Claire Corkhill (university of Sheffield) on I11, the long duration beamline
Have you ever experienced the supreme frustration of having an old phone or laptop that can’t hold a charge? Lithium ion batteries are commonly used in consumer tech, but over time the cathodes that help to generate a current become degraded. This causes our gadgets to lose precious charge, triggering that most modern of all problems: the dodgy battery.
On the LDE, scientists from University College London are exploring the atomic processes behind the degradation of cathodes within these batteries over time. If we can study the tiny changes that gradually occur, we may be able to work out how this process is happening and how to prevent it: hello longer-lasting tech.
Batteries are a well-established element of the energy mix, but we’re also seeing other new innovations coming forward that could help us to meet energy needs in a greener way.
Scientists are looking at all sorts of ways of trapping toxic gases. One approach is to use an artificially-constructed sub-microscopic structure called a ‘metal organic framework’. Known as MOFs, these frameworks are made up of molecules that together form a cage-like shape.
MOFs can be thought of as chemical sponges: they absorb certain gasses and keep them locked away inside. If we can learn how to fully exploit their potential, MOFs could help us to remove some of the toxic gasses currently released into the atmosphere.
But before we start fitting MOFs to the inside of cooling towers and cars we need to know more about how they behave over time. There’s no point in locking away all of the toxic gas if it’s just going to be released again as the structure degrades.
And so scientists from the University of Manchester are studying the behaviour of MOFs using the LDE. They want to explore how the molecular framework alters over months and years, and whether this impacts on the structural integrity of the MOF and its ability to contain gasses.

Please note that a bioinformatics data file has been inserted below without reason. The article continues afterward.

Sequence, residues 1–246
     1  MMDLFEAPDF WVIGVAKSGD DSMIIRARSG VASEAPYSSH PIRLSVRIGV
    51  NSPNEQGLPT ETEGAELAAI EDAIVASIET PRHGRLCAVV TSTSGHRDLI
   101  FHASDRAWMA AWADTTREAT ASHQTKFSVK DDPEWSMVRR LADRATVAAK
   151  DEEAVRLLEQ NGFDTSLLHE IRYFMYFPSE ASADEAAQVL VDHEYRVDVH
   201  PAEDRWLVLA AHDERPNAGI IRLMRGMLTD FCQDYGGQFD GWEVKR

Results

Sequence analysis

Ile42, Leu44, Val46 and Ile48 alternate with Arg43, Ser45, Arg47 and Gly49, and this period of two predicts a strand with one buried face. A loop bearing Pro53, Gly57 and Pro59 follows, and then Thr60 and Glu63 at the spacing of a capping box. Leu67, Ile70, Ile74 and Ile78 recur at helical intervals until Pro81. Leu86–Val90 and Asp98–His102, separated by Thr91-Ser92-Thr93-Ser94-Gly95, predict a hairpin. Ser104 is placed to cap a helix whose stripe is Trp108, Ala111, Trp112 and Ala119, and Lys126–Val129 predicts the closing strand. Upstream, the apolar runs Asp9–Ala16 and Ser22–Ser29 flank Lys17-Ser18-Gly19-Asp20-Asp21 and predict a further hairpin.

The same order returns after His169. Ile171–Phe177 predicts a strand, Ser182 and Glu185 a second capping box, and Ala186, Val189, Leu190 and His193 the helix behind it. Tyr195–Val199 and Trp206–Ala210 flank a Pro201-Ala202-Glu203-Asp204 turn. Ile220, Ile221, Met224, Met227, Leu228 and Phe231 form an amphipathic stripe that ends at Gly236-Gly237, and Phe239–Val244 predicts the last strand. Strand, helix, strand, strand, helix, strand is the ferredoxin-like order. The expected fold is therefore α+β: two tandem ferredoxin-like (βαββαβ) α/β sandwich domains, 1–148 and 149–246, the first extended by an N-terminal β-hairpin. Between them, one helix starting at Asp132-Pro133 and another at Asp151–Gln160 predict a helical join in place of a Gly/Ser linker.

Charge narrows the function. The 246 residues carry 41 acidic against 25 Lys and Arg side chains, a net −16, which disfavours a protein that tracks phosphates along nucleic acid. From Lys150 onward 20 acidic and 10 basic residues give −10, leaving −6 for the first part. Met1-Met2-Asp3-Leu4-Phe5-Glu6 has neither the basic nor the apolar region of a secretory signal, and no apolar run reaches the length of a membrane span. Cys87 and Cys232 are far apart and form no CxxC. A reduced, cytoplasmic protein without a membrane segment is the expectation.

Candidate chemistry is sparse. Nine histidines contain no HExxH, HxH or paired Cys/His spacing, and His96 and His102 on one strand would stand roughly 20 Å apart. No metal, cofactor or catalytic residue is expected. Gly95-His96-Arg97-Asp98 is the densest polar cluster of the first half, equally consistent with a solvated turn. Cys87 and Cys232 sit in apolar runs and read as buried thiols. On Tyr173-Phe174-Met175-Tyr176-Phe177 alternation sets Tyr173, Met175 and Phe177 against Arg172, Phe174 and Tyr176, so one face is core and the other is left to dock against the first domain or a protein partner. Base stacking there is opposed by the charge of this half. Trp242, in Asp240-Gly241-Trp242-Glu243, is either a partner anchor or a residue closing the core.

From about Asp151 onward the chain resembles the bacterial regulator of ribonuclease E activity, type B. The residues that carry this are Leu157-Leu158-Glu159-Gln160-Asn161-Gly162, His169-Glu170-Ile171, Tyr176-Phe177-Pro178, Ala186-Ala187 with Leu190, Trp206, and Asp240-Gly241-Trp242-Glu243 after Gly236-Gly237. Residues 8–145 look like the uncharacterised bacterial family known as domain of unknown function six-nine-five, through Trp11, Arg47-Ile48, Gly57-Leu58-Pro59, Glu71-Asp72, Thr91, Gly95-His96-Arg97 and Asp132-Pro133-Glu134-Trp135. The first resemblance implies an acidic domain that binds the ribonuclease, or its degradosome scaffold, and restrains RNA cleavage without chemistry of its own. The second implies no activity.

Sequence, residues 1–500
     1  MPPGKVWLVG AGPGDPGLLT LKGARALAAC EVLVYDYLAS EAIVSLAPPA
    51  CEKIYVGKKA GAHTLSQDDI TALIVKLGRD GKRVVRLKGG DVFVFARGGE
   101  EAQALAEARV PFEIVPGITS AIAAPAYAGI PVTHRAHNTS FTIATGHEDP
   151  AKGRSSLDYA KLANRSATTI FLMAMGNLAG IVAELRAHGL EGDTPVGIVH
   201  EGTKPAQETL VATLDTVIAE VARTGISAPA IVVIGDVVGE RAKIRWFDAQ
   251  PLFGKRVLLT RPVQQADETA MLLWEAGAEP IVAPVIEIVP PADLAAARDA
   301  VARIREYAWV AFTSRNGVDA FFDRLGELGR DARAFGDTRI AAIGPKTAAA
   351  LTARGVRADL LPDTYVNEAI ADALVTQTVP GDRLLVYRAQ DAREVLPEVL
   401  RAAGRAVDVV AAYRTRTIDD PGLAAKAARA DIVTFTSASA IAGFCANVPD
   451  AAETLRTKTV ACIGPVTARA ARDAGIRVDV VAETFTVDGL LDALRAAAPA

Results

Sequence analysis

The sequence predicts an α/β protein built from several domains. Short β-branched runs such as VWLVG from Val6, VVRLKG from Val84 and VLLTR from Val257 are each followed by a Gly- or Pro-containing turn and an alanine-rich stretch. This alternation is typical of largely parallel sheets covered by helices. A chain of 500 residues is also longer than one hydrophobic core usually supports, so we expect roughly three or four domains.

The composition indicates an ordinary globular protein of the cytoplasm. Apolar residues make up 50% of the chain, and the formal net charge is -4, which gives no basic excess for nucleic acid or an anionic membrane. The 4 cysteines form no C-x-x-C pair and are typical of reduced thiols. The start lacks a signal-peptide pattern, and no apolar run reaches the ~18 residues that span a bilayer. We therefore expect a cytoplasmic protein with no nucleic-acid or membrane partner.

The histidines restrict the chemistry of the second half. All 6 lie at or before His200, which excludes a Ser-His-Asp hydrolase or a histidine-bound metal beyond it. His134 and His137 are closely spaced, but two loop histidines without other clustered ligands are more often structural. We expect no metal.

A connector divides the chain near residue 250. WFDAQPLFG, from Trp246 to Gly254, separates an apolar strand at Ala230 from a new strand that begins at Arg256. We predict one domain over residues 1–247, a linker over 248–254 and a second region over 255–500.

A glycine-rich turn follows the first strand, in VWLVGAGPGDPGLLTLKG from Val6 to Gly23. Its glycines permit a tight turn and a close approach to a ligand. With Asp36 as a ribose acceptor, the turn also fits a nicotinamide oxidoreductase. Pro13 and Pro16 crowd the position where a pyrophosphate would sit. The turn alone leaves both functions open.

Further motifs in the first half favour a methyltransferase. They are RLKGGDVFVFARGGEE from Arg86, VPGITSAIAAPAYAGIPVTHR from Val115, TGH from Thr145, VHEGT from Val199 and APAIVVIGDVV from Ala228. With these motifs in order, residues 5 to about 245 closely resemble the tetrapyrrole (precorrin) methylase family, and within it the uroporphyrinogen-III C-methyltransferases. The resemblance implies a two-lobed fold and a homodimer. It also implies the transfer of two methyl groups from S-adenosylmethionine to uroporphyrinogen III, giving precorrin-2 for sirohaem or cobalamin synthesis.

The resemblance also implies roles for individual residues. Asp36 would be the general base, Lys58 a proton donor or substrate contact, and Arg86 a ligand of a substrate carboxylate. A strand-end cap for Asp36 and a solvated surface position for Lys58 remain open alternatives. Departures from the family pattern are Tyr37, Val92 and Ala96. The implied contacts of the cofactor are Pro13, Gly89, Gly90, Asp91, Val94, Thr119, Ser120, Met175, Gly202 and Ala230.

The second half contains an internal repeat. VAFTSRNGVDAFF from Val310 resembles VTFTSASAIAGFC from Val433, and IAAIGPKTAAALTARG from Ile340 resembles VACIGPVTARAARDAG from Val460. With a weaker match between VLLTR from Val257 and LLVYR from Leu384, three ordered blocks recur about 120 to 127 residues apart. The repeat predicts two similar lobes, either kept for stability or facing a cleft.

We want MOFs that work for thousands of years, but some processes need to be understood over even longer timescales.
A small percentage of the UK’s nuclear waste needs to be carefully stored until it decays and is no longer radioactive. But there’s a problem: this can take hundreds of thousands of years.
The UK government plans to bury this waste deep underground in a carefully constructed facility. But before we start building, it’s important to be sure that the structure is indeed capable of outlasting the radioactive waste.
That’s why University of Sheffield scientists are exploring the interactions between cement and water over time. All manmade structures are affected by their environment. So we need to anticipate how cement used in the facility could interact with surrounding groundwater over thousands of years – that way we can be sure that we create a structure that is truly built to last. As our ability to study long-term atomic and molecular processes improves, we can expect to learn even more about crucial reactions taking place over extended timescales.
From medicines to environment, from space science to energy – the power of the LDE just goes to show: not all of what matters can be measured in seconds.